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VIDEO: Safety of alternative meds vs. conventional meds reminiscent of George Carlin's "Baseball vs. Football"

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george carlin baseball v football

Maybe it's because I've been feeling like a truck ran over me for the past week or so, or maybe it's because I was raised by a superb internist who regularly gave me insight into this very subject, but a Sunday L.A. Times op-ed stuck out like a sore thumb... a sore thumb that shouldn't be treated with unregulated meds.

It starts out with a comparison to one of my all time favorite George Carlin routines, "Baseball vs. Football" (a must-watch video if you've never seen it before) in which he says, "Football has hitting … and unnecessary roughness and personal fouls. Baseball has the sacrifice... in baseball, the object is to go home! And to be safe!"

These days, at least as it relates to the political priorities of all too many lawmakers, safety is vastly underrated:

Some might say the same can be said for conventional and alternative remedies. Conventional medicine has chemotherapy; alternative medicine has aromatherapy... Orthopedists operate; chiropractors adjust.

Then it gets to the heart (literally) of the matter. Please take a moment to read the entire piece, because too many people don't seem to be aware of many of the dangers associated with remedies that are not subject to government oversight. For example:

Unfortunately, because of the 1994 Dietary Supplement and Health Education Act, dietary supplements are not regulated by the Food and Drug Administration, so companies are under little obligation to support their claims or admit their harms.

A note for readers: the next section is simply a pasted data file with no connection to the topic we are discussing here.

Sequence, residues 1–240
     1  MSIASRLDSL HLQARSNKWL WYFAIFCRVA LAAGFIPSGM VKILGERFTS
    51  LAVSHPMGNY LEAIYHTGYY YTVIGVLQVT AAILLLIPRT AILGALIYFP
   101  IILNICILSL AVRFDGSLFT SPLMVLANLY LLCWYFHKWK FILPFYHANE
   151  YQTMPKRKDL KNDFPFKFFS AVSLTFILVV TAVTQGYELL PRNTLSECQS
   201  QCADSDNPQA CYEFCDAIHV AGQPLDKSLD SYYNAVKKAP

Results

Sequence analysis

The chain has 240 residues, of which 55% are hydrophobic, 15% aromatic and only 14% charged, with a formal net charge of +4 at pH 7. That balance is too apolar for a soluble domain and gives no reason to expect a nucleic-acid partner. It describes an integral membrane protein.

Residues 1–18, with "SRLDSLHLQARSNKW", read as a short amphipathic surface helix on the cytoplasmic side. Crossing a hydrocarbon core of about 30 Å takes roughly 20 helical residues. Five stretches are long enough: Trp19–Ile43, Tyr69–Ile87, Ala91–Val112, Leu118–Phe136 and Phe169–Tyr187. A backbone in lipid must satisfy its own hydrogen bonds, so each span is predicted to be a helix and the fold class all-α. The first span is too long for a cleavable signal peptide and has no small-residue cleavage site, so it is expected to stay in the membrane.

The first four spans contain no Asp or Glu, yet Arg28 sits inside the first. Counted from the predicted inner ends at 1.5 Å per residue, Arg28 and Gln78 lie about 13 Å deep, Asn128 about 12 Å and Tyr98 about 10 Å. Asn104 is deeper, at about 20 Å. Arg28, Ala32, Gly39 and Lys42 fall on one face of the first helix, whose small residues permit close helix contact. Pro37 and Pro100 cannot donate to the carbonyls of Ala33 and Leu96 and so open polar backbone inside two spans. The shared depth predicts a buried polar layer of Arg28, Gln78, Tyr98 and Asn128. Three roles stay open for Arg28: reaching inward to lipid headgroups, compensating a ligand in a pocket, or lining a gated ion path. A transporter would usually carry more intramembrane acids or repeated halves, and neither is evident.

For example, blue cohosh can cause heart failure; nutmeg can cause hallucinations; comfrey, kava, chaparral and valerian can cause inflammation of the liver; monkshood and plantain can cause heart arrhythmia; wormwood can cause seizures; stevia leaves can decrease fertility; concentrated green tea extracts can damage the liver; milkweed seed oil and bitter orange can cause heart damage; thujone can cause neurological damage; and concentrated garlic can cause bleeding.

In 1992, one of the worst dietary supplement disasters in history occurred when about 100 people developed kidney failure from a "slimming" mixture that contained the plant Aristolochia. At least 70 people required kidney transplants or dialysis; many later developed bladder cancers.

Memo to GOP: Regulation exists for a reason, and that reason is to keep us safe in any number of ways. "Big government" isn't always a bad thing (forced trans-vaginal ultrasounds being one major exception), and the insistence by some conservatives that corporate profit should trump the health and welfare of Americans is as absurd as it is dangerous.

More from George Carlin (with whom I had a few awesome personal encounters):

Baseball begins in the spring, the season of new life.
Football begins in the fall, when everything's dying. [...]

Baseball has no time limit: we don't know when it's gonna end - We might have extra innings.
Football is rigidly timed, and it will end even if we've got to go to sudden death.

In the world of medicine, it should be obvious to our elected officials that sudden death is something we should go out of our way to avoid, not encourage via willful negligence.